When Lebeya was appointed in May 2018, he inherited a deeply fractured and captured organisation that had been compromised by the leadership of General Mthandazo “Berning” Ntlemeza. When he was appointed in 2015, Ntlemeza appointed new provincial heads of the DPCI throughout the country and it is believed that Lebeya has faced a struggle in replacing many of these. Lebeya dismisses suggestions that these Ntlemeza appointees are part of a fight back campaign against him.
“I don’t know if there is anyone who will act against me because they have got a job to do. And I’m overseeing the job that they are doing, so it can’t be against me. If there are such, nobody has ever come open[ly to say] that I’m defying or that I’m practicing against what you preach. I don’t know if in some people’s hearts they may think that. But I sit with them and we discuss and we make decisions. You see in this organisation, you have the process of grievance so those that have got a problem can register a grievance,” says Lebeya.
With anticipation building from an impatient public for action on state capture cases, he acknowledges that people want to see prosecutions. He hints that the police may feel their cases are court ready but prosecutors have to close every loophole before taking it to court.
“We have got cases that I think all of us, especially when you ask a police person, the police will always say no, we must move on this one. At times, we might be wanting to move too quick, whereas the one that is going to present this case in court may say, I want to close that loophole.
“It doesn’t help to rush and thereafter have the matter withdrawn because something else has not been done. So we expect [it]. I think it is an area that you should have heard us, there is a number [of cases] that I’ve mentioned that [are] waiting for a decision [on prosecution]. So if you were to ask a police person, they would say ‘No I’m ready with this one, I’m waiting for [a] decision’, but the prosecution will obviously interrogate it and say we are not ready here.”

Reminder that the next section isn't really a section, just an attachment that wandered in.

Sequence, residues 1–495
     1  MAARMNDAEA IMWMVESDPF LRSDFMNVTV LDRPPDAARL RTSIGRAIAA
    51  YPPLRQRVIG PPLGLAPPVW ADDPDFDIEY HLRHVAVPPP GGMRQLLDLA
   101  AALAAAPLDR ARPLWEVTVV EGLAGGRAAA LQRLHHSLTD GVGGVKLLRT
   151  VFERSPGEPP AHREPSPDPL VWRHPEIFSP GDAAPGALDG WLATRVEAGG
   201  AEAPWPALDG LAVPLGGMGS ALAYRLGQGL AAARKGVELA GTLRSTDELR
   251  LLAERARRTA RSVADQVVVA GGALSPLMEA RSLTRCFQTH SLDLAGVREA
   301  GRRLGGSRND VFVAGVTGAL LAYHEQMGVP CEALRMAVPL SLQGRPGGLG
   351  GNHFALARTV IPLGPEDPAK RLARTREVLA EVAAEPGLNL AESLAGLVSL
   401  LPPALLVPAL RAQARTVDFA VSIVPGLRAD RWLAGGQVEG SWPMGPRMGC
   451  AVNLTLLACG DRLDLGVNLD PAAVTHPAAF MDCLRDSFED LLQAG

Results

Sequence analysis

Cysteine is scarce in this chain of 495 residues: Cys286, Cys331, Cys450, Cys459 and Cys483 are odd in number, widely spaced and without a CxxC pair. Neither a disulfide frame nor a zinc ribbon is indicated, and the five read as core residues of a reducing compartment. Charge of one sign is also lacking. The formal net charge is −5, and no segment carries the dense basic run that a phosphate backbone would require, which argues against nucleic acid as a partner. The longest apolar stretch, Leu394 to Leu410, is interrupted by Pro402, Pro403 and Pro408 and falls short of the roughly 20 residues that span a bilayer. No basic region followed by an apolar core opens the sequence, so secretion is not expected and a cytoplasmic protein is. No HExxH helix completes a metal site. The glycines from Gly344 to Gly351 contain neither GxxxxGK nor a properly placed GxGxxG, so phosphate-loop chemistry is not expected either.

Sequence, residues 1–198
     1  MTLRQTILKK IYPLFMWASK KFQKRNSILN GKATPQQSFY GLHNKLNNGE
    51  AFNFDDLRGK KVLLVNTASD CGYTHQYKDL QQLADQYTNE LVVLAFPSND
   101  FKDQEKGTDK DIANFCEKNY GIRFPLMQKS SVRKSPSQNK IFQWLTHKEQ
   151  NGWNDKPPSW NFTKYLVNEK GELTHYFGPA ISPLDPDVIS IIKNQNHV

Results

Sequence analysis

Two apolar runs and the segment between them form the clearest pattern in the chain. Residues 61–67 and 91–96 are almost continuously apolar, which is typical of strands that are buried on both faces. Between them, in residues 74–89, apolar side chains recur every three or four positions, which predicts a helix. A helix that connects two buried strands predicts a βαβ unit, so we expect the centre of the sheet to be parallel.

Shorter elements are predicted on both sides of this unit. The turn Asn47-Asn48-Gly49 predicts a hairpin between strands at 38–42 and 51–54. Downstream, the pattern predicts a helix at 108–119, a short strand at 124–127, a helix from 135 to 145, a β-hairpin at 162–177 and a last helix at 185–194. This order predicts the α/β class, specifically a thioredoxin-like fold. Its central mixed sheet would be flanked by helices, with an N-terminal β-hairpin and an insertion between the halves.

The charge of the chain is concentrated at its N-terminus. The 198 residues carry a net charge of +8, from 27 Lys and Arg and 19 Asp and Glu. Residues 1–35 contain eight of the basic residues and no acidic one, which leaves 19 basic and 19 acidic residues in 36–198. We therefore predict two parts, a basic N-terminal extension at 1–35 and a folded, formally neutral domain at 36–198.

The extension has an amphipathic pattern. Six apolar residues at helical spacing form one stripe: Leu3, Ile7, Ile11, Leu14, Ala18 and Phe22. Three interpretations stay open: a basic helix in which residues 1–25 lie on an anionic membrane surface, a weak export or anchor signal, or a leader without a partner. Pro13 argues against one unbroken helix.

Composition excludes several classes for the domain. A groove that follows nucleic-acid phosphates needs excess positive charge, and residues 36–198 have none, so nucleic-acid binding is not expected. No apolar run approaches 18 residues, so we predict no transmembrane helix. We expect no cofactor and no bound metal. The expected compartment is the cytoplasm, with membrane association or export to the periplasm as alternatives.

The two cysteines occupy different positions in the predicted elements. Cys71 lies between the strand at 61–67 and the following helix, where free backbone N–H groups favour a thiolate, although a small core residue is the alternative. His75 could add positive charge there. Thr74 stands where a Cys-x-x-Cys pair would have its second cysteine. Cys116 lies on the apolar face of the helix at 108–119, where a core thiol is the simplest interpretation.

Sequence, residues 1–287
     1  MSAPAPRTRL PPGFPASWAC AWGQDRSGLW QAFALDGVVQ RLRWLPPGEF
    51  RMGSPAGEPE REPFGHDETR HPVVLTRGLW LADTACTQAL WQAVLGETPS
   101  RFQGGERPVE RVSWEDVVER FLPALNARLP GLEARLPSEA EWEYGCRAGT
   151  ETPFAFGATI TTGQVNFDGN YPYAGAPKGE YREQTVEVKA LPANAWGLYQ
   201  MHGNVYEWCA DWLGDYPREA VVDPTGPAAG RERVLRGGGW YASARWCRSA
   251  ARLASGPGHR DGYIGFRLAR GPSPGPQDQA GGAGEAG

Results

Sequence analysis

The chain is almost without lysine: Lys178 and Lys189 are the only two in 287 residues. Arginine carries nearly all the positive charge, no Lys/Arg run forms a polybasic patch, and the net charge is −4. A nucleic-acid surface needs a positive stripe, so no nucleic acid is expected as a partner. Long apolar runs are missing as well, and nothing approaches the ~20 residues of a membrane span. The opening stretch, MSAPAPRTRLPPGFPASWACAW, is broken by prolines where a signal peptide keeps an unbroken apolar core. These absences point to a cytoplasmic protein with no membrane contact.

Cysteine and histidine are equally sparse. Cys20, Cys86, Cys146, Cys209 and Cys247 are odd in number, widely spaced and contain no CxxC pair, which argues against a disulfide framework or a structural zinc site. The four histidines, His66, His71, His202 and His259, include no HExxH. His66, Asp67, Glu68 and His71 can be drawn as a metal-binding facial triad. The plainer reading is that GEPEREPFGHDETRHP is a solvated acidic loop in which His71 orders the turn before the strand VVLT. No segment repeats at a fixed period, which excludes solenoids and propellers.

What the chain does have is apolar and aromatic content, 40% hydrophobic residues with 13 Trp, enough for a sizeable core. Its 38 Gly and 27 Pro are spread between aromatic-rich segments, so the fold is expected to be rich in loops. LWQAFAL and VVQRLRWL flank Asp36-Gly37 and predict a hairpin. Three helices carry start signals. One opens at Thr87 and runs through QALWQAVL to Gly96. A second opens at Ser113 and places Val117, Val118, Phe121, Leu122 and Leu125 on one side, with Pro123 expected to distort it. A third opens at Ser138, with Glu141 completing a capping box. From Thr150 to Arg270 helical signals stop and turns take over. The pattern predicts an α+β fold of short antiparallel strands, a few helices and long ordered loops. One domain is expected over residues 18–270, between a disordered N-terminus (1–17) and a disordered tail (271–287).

However, he does not want to point the finger at his colleagues in the NPA and blame them for slowing down the process.
“No, I’m not going to throw a snake at our colleague and say that we are frustrated at the NPA. We are working as a team, in this arrangement where the two are working together, the other one will always want to push quicker whereas the other one wants to be checking. Have we checked all the loopholes that I may experience when I’m sitting in court?”
Lebeya is urging patience and wants the public to know that cases have been prioritised to get them to court as soon as possible.
“They are working as hard as they can, but we can do better. So if we have got the resources that are required, we can move quicker than what we are doing. As an example, you see that under normal circumstances, matters like the VBS case would have needed an investigator to carry that one.
“You can expect those things to go seven, eight years under investigation. Now, in order to cut that time, you put more bodies in that investigation. So you put 10 investigators in this so that they can move quicker and cut time that is normally required of an investigation.
“So you invest much in one matter. Then the others obviously get a little bit delayed. Because if you want to deal with all these matters simultaneously, you end up delaying. So that’s why there is this prioritisation.”
“The Hawks is re-engineering itself. We are aware of what is expected of us. We are aware of what it is we need to do to deliver this expected service. It is only a matter of time and resources that we can move speedily. They must just understand that certain matters will take a little bit of time, but we are cutting on that because we know that we can’t wait too long.
“People need the results, but in doing that we are cautious not to be making mistakes that at the end of the day we go to court and then the matter is withdrawn. It’s even worse if you have not taken this matter to court because then you are on the backfoot.”